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ArtArt ReviewZanele Mulholi pictures queer South Africa in all its...

Zanele Mulholi pictures queer South Africa in all its joy and tragedy

The photographer's bold show at SFMOMA turns their camera toward LGTBQ+ friends and community members.

While Cape Town-based photographer Zanele Muholi is most known for their high contrast black-and-white self-portraits, in their solo exhibition “Eye Me” at SFMOMA, the artist boldly presents their self-portraits in the very last gallery, dedicating the first three galleries to portraits of South African LGTBQ+ friends and community members. As Muholi’s self-portraits have explored their own race, gender, and sexuality with intimacy and sometimes a poignant humor, they’ve turned the camera on others to create four distinct photographic bodies of work (“Only Half the Picture,” “Brave Beauties,” “Being,” and “Faces and Phases”), along with additional photos and videos. Most powerfully, Muholi’s conscientiousness is evidenced in their careful consideration of what and how much to reveal and how the individuals choose to represent themselves and the South African LGBTQ+ communities.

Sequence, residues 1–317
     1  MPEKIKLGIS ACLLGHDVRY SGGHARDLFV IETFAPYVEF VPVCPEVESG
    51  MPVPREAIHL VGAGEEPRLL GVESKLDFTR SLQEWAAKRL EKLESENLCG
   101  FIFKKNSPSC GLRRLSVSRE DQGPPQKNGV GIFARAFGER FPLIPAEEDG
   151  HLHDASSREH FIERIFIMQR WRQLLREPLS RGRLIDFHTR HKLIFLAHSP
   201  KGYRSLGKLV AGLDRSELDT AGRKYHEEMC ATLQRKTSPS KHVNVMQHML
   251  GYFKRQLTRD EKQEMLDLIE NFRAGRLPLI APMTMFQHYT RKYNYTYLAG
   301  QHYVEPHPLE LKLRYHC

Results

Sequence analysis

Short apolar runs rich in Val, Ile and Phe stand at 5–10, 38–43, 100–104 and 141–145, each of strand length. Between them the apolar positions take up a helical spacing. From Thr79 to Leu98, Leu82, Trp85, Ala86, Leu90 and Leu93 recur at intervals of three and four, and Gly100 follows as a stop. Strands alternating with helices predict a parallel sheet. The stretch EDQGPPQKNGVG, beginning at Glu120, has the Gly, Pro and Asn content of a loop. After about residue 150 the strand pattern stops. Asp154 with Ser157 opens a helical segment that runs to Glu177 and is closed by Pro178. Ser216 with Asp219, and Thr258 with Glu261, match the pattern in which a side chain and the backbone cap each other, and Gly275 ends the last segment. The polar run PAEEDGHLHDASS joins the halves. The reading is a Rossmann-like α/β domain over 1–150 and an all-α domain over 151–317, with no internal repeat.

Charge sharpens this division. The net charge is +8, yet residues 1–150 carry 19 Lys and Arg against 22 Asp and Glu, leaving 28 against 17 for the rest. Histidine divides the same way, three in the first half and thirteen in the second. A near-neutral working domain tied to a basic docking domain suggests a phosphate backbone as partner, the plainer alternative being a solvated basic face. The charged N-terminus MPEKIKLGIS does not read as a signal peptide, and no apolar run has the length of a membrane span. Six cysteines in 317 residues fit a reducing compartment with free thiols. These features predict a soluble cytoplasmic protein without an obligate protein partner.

Zanele Muholi, ‘Hate Crimes Survivor I,’ 2004; courtesy the artist and Yancey Richardson, New York

In the series “Only Half the Picture,” Muholi groups the images “Case Number,” ”Hate Crime Survivor I” and “Hate Crime Survivor II” (all 2003 and 2004) together. While the photographs individually operate as fragments, when combined they suggest the legal, medical, and emotional sides for hate crime victims. In “Case Number” Muholi simply photographed a document stamped with by the Soweto Police Department indicating the crime as rape and assault with administrative notes. To humanize hate crime victims and the emotional components, Muholi presents a tightly cropped image of a victim’s hands held in their lap with multiple medical wrist bands. Focusing on the hands, where the wristbands and pose suggest the helplessness and immobility of handcuffs, Muholi’s cropped image captures the pain while refraining from revealing the individual’s face.

Additionally, Muholi presents a wider shot of a hospital bed where a blanket covers an unidentified individual. As the blanket signals the victim’s unavailability, Muholi distances their camera. As the camera documents, it potentially also exploits and intrudes; Muholi’s subjective camera relies upon proximity or distance as a gesture of respect and that allows anonymity for these victims.

Zanele Muholi, ‘Yaya Mavundla, Parktown, Johannesburg’, 2014; courtesy the artist and Yancey Richardson, New York